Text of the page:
To the Coast with P.
I took him from Seaside to where the largest Sitka spruce in the Continental US is. It is quite huge, even if it is not nearly so large as the Sequioias and Redwoods I saw this summer, but impressive none the less. Afterwards, I took him to Cannon Beach and the Ecola State Park for a view of Indian Beach and and of Cannon Beach from Ecola Point. I was reminded again of the difference in the the acuity of senses between myself and others. There is so much I noticed that P. did not. I love the way the forest smells at Ecola and I asked him if he liked it. He had no idea what I was talking about. I took him to a spot that smelled especially strong of pine and cedar and humus and wildflowers and told him to close his eyes and breathe in, and he could not smell it. I had to point out the caterpillars he was going to step on, and the surfers in the water, and the sound of the trees creaking, and the way the trunks of some of the trees had gone silver. He marvelled that I noticed such things, and said he'd always wondered how I could paint pictures with words but now he understood.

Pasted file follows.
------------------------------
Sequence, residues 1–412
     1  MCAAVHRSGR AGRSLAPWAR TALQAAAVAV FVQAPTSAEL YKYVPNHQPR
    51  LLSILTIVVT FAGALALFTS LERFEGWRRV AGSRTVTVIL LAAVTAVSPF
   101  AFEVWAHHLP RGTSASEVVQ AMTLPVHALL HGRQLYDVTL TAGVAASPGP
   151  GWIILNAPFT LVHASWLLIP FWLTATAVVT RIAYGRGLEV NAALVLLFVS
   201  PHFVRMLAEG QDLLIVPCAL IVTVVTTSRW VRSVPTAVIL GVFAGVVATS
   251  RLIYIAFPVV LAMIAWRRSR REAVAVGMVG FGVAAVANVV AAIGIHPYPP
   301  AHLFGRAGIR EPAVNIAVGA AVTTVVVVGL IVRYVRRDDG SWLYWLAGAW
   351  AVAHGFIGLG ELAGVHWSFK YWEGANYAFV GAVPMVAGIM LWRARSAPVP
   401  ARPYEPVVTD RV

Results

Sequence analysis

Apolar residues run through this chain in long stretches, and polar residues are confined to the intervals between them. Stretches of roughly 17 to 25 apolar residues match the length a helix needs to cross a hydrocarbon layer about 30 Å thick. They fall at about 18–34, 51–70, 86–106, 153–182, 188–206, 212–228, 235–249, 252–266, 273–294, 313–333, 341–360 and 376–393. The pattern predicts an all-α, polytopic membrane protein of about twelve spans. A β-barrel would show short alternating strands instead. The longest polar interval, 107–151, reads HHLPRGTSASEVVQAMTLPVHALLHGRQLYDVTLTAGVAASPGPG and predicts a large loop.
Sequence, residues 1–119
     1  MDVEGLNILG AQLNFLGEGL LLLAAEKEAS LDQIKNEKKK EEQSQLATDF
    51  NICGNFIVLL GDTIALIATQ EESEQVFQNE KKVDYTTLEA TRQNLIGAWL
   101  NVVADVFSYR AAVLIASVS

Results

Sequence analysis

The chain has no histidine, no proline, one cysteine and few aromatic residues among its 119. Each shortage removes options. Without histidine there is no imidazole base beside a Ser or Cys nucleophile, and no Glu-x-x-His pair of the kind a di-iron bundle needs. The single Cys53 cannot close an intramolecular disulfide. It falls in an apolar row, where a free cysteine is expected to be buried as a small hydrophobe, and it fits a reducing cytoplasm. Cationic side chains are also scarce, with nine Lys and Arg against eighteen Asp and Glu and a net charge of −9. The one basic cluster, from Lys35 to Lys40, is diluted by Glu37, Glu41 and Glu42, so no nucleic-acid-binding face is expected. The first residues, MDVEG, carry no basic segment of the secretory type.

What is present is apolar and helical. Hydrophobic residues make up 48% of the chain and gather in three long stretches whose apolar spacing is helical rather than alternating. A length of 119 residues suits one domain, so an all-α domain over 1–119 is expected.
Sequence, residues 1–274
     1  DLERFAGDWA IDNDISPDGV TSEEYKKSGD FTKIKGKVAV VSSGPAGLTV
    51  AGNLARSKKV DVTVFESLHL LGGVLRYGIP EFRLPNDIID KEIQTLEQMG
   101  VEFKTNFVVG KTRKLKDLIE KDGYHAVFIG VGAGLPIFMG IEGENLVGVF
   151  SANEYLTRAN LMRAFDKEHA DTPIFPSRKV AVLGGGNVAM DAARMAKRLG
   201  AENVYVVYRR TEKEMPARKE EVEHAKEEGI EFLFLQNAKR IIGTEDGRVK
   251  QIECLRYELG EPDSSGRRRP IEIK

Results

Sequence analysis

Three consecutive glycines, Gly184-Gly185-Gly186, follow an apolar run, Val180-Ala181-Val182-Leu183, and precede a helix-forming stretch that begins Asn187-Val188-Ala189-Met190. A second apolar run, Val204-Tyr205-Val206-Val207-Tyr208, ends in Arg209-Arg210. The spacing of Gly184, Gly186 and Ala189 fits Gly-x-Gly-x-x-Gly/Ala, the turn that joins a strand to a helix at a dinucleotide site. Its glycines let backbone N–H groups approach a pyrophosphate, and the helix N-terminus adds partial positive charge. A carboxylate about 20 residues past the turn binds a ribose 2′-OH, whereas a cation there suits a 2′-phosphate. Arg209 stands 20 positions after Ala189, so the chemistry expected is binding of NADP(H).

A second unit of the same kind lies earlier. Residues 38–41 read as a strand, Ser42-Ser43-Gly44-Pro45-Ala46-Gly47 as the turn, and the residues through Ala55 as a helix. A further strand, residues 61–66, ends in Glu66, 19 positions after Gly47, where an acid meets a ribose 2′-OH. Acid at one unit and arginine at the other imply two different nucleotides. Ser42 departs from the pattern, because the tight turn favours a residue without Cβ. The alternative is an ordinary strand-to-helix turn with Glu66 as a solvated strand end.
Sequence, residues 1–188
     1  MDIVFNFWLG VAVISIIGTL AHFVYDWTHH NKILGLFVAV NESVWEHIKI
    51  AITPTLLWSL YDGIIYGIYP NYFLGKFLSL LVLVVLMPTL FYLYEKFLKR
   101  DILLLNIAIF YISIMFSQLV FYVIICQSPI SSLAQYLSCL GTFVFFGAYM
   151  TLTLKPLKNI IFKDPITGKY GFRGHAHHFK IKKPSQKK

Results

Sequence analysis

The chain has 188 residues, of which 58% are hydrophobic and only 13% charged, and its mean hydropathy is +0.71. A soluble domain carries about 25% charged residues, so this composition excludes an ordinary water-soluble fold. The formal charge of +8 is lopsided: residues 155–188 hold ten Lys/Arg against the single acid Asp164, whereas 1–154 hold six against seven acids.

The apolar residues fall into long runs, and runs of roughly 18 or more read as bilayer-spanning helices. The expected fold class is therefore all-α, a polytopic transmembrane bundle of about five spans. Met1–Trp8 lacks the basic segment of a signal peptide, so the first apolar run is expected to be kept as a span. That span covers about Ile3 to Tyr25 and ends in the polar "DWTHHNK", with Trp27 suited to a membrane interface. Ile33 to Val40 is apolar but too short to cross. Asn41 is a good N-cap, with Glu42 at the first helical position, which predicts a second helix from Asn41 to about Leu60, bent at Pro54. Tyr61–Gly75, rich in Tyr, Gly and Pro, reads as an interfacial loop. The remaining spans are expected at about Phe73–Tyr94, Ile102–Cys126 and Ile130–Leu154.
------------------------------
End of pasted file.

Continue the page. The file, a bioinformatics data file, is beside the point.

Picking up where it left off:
Afterwards we drove the Pacific Coast Highway north through Astoria up to Aberdeen, WA and turned inland. The view of Mt Rainier as we entered the Olympia area was astonishing. P. was amazed by the size of it, and the fact that it had even more snow on it than Mt Hood did. I drove up through Seattle so Peter could seet he city, then turned back on 405 to Bellvue. P. misplaced the paper with J.'s address, so we mooched wifi off some slob with an unsecured network so P. could check his email, and armed with the street number, but without a mapquest map, we went in search of J.'s house. Bellevue's streets and numbering system actually makes sense, so I found my way pretty easily. It is funny, he called my cell when we were just a minute away.